I’m a slow reader.  My average rate is about 20 pages per hour.  I know this because my morning routine sets aside about an hour for reading each day, and I note how many pages I consume.  Lately some of the academic books I’ve read have hobbled me down to 10 pages per hour.  I keep waiting for the narrative flow to kick in, something that I can follow and absorb.  Instead I’m learning what everybody else, often except the author, thinks about each minute point of his or her thesis.  Please, just tell me what you think!  I trust that you’ve done the research.  You wouldn’t have been granted a doctorate if you hadn’t.  The last thing I would want from my, admittedly few, readers is for them to close my book and say, “I’d rather be reading something else.”


Banning Together

Banned Book Week starts today.  As the political situation in this country continues to deteriorate into a Republican fascination with fascism, we find books challenged and banned for suggesting real fascists were anything other than nice, white boys misunderstood.  It will take decades, if not another World War to undo the damage Trump unleashed.  Instead of sitting in my corner worrying about the future, I read.  Banned books make up quite a bit of my reading, but I do try to read one every September intentionally in honor of the occasion of Banned Book Week.  It’s misguided to suggest children shouldn’t grow up.  A deep-seated fear of education reveals the hypocrisy at the very heart of book banning.  Adults should know better.  They should read.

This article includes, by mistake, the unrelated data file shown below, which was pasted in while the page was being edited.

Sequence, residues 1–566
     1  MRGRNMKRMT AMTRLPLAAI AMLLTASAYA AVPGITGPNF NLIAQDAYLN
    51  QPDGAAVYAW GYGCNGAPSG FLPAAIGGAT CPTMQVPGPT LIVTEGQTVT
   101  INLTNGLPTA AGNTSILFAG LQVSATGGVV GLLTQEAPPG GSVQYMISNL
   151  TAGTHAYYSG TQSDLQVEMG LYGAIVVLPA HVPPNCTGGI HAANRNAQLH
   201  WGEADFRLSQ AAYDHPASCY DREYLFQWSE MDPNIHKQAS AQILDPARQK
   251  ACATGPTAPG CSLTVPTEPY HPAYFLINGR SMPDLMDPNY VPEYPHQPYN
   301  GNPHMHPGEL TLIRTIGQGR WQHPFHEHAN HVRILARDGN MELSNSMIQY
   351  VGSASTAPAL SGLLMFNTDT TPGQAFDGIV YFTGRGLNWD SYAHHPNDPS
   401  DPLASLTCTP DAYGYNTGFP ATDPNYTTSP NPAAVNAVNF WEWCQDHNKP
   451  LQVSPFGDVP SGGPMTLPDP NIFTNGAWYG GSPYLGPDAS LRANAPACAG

I love America, but nationalism is poison.  Just like those who believe that only their religion can be right, many believe only their nation can.  Divide that up among the almost 200 nations of the world, with individuals in each thinking this way, and conflict logically arises.  Those who look at other cultures—read about them—and try to understand them, realize we each have our own way.  One of the major problems is that capitalism insists all must trade and barter the way that we do.  We think of people in terms of their “net worth”—which is, in reality, infinite—and want to know who owns more and is therefore more powerful.  Lackeys will always follow the wealthy, kissing posteriors and professing loyalty until they have enough of their own to challenge the more wealthy.  It’s enough to send any Bible-reader back to Ecclesiastes.